Hungarian MotoGP Round Uncertain After Bank Withdraws Loan

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The future of the Balatonring circuit near Hungary's Lake Balaton is once again uncertain, after the Hungarian Development Bank MFB refused to underwrite a loan needed for completion of the project, according to the Hungarian business news service MTI-ECO. The loan of 15.3 billion Hungarian Forints HUF (around 57.6 million Euros or 79.3 million dollars) was part of a total package of of over 35 billion HUF in government subsidy needed to complete the 40 billion HUF project.

The MFB refused to underwrite the loan after undertaking a due diligence process. Under the terms of the loan, the state would be providing 70% of the financing of the project, while receiving a 30% stake in the Balatonring circuit. Due diligence revealed that no calculations had been done on the return on investment of the project, making it impossible to judge the value of investing in construction of the circuit. A statement issued by the MFB said that the bank had negotiated with investor about the business risks, but that the investor could not accept the conditions which the MFB had put on the loan.

According to MTI-ECO, the Hungarian government is still committed to the construction of the Balatonring circuit. However, the government were now only prepared to fund the MotoGP round itself, leaving the construction firm - Savoly Motorcentrum Fejleszto - to find other sources of finance for the construction work involved.

That may in itself prove a problem. The project has been surrounded by controversy from the start, starting as a collaboration between the Spanish construction company Sedesa and a Hungarian regional development agency, right before the global economic crisis plunged the Spanish construction industry into meltdown and caused the Hungarian Forint to plummet in value. Initial financing delays meant that the race initially scheduled for last year had to be canceled, and the inaugural race there moved up to September 2010.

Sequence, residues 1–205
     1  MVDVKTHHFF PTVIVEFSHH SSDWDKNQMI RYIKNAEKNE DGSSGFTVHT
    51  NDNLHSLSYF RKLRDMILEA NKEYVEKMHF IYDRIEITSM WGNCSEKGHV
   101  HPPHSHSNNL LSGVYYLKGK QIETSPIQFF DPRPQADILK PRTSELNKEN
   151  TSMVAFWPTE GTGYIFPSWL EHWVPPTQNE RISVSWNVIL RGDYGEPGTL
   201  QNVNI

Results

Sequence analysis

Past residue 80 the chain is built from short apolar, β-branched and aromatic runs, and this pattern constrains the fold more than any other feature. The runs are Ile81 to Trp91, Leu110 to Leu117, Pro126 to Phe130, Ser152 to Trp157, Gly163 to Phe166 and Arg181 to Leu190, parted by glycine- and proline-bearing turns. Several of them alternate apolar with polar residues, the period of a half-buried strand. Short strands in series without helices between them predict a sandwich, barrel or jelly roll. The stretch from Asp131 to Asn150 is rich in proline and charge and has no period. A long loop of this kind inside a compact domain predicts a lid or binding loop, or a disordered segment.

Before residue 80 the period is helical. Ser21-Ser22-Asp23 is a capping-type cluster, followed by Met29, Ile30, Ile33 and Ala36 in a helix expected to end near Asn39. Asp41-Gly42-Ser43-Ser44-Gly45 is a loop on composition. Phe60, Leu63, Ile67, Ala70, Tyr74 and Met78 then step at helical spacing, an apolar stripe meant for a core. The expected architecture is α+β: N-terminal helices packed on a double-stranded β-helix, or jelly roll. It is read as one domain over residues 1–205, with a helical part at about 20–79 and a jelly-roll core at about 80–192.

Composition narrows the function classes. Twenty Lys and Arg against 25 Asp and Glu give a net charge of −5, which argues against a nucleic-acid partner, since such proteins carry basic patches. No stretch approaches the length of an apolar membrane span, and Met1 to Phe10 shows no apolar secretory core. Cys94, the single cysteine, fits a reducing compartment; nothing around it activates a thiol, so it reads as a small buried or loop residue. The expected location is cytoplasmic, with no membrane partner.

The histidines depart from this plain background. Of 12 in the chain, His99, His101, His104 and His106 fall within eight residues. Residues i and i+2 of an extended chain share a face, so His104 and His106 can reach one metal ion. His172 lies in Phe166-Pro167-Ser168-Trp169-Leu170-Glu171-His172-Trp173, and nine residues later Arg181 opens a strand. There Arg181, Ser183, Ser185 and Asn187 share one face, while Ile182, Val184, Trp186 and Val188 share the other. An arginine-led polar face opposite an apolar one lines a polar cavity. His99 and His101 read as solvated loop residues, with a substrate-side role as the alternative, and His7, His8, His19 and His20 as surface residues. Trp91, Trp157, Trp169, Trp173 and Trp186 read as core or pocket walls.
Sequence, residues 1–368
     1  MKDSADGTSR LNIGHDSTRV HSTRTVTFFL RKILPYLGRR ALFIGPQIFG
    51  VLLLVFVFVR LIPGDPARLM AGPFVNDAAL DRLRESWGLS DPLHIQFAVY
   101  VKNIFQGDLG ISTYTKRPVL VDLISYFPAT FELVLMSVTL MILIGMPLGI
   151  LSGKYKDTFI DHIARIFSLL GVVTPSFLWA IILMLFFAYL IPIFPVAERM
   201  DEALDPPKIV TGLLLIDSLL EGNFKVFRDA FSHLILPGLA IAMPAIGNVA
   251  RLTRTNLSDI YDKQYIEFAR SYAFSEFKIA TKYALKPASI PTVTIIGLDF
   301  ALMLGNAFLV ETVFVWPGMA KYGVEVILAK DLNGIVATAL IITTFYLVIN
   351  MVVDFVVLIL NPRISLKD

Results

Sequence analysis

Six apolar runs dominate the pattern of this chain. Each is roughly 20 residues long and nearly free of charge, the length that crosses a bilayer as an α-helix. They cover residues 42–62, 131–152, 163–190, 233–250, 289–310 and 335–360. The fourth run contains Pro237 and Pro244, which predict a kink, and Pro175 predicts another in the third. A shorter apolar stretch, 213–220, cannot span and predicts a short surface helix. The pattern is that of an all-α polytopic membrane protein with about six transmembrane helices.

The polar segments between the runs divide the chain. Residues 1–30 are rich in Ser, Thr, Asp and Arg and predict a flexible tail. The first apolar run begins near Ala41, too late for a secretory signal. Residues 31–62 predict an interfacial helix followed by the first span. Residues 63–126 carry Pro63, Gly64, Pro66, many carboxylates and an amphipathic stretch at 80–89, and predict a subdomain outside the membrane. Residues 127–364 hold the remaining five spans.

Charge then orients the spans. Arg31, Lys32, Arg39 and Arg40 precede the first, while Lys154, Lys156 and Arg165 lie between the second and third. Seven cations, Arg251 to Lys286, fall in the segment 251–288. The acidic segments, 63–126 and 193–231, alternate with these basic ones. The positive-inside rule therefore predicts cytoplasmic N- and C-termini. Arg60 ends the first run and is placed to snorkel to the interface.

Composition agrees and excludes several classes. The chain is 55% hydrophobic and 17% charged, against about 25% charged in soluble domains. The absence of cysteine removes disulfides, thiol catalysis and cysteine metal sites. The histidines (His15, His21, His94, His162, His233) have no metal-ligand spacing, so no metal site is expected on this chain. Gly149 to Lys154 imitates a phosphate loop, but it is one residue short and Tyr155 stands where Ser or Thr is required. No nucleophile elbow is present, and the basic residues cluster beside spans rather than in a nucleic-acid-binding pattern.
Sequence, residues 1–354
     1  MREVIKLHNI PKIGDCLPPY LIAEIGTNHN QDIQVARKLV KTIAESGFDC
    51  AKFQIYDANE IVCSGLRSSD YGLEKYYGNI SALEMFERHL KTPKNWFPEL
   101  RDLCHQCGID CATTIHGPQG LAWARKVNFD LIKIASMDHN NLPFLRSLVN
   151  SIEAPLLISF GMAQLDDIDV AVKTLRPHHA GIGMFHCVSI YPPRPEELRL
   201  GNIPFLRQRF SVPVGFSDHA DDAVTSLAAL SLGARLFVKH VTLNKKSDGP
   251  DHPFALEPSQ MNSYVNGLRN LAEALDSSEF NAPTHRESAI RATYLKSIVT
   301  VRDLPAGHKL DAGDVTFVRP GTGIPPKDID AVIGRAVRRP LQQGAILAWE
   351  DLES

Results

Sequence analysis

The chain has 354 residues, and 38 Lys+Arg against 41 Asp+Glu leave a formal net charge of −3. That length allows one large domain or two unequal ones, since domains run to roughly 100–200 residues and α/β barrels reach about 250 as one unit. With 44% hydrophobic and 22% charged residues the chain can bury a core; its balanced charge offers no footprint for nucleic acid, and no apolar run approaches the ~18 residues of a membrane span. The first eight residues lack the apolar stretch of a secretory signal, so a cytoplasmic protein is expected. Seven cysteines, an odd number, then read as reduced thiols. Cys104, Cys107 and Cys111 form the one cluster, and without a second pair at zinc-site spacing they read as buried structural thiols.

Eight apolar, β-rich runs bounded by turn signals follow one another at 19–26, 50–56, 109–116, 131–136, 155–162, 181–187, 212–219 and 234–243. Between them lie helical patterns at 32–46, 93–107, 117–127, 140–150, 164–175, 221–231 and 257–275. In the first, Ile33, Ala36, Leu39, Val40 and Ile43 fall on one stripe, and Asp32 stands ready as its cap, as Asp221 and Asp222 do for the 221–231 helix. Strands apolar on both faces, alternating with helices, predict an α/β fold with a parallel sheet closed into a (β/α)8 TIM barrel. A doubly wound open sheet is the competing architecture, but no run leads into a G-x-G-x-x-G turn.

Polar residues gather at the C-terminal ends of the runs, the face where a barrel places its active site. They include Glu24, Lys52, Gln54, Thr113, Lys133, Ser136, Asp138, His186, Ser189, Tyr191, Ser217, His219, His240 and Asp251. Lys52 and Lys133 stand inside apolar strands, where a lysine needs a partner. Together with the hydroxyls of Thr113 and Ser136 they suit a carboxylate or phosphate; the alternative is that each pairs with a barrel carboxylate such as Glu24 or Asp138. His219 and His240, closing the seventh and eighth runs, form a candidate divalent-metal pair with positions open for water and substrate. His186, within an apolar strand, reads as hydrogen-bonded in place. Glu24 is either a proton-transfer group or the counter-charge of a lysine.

The project then seemed to be making headway until earlier this month, when the anti-corruption organization Transparency International and the Hungarian Civil Liberties Union called for the project to be halted over concerns over the lack of oversight of public funds. The head of Grupo Milton Management Zrt, the company responsible for managing the project, was convicted of corruption charges in 1995, and the feasibility study of the project had not only not been published, but journalists were refused access to the study, despite making applications under Hungary's freedom of information act.

The accusations appear to be what precipitated the MFB withdrawing support for the project, after a leaked memo showed that the heads of Hungary's finance department opposed funding of the Balatonring circuit. The atmosphere surrounding the project even caused Tamas Suchman, the head of the Balatonring Development Agency, to resign on Thursday. "I do not want to participate in such a project where every kind of accusation has been started, from blackmail to the uncertainty of recouping the investment," Hungarian business website RealDeal.hu reports Suchman as saying.

Whether or not the Balatonring circuit is completed by September, at least the MotoGP calendar will not lose a race. The Motorland Aragon circuit has been nominated as a reserve for the season, ready to take the place of the Hungarian GP should it be canceled. That would give Spain a total of four races held on its territory, but given the spectacular nature of the track close to Alcañiz in the Aragon region, this would most likely be welcomed by both fans and riders.

The future of the Balatonring circuit near Hungary's Lake Balaton is once again uncertain, after the Hungarian Development Bank MFB refused to underwrite a loan needed for completion of the project, according to the Hungarian business news service MTI-ECO. The loan of 15.3 billion Hungarian Forints HUF (around 57.6 million Euros or 79.3 million dollars) was part of a total package of of over 35 billion HUF in government subsidy needed to complete the 40 billion HUF project.The MFB refused to underwrite the loan after undertaking a due diligence process. Under the terms of the loan, the state would be providing 70% of the financing of the project, while receiving a 30% stake in the Balatonring circuit. Due diligence revealed that no calculations had been done on the return on investment of the project, making it impossible to judge the value of investing in construction of the circuit. A statement issued by the MFB said that the bank had negotiated with investor about the business risks, but that the investor could not accept the conditions which the MFB had put on the loan.

Comments

Just race at Aragon. At this

Just race at Aragon. At this point, the organizers of the Hungarian track look completely incompetent. Dorna needs to save face and move the round to Aragon out of principle.

Total votes: 26